Fax Machines

Fax machines have proliferated to almost every business and many homes. This method of communications is one of the most easily and successfully targeted. The means for intercepting fax signals are the same as for telephones, as discussed under Telephones. Countermeasures for protecting the security of fax transmissions are the same as the countermeasures for protecting telephone conversations.

Stand-alone and PC-based fax and data intercept equipment is available that will covertly intercept and capture fax transmissions from any make or model machine, regardless of its "handshake" (the signal that two machines will emit to get synchronized to send the message). It will also decipher nonstandard fax protocols and perform automatic intercept and storage. 1

Some fax machines have another vulnerability -- remote access to stored fax images. For example, the hidden mailbox feature is used to reserve fax documents for privileged users. The privileged user can retrieve the document(s) by inputting a personal identification number (PIN) just like your automatic teller machine (ATM) cards. The invasion of one's fax could occur when an unauthorized user has access to your PIN. Like other code numbers and passwords, the PIN can often be guessed or broken. 2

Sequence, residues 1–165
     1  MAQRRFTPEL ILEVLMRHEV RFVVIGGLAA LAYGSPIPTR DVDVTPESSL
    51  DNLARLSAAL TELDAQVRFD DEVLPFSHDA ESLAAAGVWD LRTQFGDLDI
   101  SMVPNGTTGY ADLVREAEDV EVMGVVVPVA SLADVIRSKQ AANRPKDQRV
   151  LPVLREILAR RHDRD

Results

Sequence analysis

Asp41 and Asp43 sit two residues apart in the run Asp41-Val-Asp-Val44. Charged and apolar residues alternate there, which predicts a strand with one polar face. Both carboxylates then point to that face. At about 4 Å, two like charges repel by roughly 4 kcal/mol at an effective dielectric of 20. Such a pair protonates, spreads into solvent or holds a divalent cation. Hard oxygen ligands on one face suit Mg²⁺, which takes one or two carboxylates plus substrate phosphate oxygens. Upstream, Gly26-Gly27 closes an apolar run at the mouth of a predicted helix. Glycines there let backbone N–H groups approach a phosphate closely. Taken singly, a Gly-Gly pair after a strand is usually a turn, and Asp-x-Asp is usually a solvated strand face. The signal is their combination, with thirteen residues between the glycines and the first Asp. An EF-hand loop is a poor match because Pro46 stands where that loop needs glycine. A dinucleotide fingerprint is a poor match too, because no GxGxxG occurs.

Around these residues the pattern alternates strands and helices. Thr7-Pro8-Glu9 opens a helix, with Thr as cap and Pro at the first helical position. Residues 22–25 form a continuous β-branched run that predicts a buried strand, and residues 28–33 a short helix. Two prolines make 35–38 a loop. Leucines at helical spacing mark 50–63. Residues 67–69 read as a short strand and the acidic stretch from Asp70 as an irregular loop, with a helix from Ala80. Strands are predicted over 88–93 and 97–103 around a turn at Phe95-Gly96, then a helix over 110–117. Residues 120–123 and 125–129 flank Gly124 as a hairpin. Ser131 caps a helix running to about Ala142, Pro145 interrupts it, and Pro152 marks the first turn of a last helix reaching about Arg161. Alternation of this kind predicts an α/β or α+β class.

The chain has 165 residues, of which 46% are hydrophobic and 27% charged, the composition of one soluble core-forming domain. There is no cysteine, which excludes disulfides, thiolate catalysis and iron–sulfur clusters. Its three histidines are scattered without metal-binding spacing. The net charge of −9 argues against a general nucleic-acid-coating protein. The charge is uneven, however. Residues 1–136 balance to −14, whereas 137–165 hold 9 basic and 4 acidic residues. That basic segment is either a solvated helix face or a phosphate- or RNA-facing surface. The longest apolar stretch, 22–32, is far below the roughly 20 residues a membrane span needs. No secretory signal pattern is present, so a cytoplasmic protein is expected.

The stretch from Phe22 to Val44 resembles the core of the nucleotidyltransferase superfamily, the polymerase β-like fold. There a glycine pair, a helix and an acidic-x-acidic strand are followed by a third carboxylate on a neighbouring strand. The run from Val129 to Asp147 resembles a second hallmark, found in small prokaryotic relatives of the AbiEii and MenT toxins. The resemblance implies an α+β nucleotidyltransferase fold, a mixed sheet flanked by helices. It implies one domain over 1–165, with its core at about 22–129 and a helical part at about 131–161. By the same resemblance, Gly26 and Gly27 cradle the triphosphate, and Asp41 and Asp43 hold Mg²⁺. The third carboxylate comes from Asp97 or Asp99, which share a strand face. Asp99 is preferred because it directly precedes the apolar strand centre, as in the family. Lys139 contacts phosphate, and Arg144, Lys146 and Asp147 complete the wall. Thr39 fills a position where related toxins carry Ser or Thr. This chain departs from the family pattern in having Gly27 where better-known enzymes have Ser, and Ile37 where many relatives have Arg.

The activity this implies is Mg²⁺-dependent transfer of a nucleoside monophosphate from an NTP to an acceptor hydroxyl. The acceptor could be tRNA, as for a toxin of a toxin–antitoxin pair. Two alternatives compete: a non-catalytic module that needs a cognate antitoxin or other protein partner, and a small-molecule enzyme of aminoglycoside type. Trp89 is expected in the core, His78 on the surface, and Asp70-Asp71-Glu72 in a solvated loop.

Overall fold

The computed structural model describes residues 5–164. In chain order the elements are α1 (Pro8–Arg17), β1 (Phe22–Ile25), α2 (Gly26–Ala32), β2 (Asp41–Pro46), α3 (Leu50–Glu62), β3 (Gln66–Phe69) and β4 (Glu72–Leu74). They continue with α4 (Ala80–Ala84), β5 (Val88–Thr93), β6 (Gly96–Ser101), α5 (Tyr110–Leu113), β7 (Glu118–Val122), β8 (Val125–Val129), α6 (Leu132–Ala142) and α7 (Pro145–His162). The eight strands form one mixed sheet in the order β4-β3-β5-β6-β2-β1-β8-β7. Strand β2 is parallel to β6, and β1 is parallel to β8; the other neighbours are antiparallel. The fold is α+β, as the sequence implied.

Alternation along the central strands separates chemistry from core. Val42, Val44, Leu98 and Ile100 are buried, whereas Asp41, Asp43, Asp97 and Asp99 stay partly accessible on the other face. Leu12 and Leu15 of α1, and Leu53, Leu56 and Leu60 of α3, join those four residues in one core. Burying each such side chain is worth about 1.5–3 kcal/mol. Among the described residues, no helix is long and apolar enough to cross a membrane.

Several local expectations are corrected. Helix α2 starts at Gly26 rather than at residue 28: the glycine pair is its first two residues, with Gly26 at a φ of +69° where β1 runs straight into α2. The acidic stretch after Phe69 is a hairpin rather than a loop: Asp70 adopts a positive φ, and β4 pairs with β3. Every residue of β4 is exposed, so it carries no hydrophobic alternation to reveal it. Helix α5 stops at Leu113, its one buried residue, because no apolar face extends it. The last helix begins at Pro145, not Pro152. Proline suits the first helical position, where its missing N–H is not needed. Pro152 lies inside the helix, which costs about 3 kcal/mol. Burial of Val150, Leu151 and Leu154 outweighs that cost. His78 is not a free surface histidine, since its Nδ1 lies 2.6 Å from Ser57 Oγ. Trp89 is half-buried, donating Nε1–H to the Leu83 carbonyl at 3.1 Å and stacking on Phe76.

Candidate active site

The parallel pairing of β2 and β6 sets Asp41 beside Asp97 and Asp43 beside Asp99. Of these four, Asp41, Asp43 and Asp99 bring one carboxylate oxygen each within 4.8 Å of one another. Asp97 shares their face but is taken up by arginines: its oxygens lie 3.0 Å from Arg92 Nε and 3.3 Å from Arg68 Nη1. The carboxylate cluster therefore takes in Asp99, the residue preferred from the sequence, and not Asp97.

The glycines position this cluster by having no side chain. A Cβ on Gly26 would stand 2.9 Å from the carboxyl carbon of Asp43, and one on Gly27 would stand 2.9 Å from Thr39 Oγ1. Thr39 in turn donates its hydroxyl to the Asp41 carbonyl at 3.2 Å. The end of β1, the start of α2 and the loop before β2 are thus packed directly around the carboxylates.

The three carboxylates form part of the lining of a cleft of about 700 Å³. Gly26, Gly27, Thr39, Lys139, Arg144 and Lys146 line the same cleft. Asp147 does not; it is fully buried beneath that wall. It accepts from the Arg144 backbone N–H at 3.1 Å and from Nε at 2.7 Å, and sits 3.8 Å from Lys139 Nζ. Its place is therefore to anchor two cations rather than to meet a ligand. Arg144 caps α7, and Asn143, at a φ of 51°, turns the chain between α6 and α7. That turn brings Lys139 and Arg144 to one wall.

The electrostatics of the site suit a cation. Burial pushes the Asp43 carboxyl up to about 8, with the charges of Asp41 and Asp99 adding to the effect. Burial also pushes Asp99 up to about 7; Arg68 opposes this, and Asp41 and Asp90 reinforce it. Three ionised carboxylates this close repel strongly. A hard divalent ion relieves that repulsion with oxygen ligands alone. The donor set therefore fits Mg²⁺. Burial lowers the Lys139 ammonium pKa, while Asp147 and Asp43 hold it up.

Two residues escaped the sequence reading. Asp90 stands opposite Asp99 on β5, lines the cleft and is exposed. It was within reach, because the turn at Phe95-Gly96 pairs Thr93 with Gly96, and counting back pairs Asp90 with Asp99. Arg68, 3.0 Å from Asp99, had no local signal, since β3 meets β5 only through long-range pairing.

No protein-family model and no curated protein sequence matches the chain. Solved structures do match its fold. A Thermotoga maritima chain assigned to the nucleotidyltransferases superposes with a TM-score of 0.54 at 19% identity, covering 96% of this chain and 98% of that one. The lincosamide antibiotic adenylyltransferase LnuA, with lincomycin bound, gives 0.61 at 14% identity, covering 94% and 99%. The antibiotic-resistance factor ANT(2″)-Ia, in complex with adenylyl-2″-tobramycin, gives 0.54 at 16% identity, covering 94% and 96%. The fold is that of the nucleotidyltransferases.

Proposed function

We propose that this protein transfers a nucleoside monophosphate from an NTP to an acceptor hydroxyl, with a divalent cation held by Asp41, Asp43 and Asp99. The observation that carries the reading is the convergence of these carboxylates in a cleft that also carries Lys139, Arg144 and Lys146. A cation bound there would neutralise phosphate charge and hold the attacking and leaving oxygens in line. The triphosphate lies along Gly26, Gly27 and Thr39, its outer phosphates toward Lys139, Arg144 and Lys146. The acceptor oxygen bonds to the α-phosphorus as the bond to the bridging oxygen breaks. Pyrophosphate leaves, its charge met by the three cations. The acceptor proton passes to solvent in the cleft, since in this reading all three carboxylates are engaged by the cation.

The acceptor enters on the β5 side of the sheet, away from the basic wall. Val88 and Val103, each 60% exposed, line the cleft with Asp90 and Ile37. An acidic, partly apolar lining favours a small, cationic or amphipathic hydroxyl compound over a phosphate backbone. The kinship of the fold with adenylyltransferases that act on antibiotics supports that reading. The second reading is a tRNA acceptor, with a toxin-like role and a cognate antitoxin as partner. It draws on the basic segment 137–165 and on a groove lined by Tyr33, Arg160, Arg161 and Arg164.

References
1. Richard J. Heffernan, "Who's on the Line?" Security Awareness Bulletin 2-96, Department of Defense Security Institute, August 1996. Reprinted from Security Management, Vol. 36, September 1992.

2. Paul F. Barry & Charles L. Wilkinson (Trident Data Systems), "Invasion of Privacy and 902 Technologies," Security Awareness Bulletin 2-96. Department of Defense Security Institute, August 1996.

 

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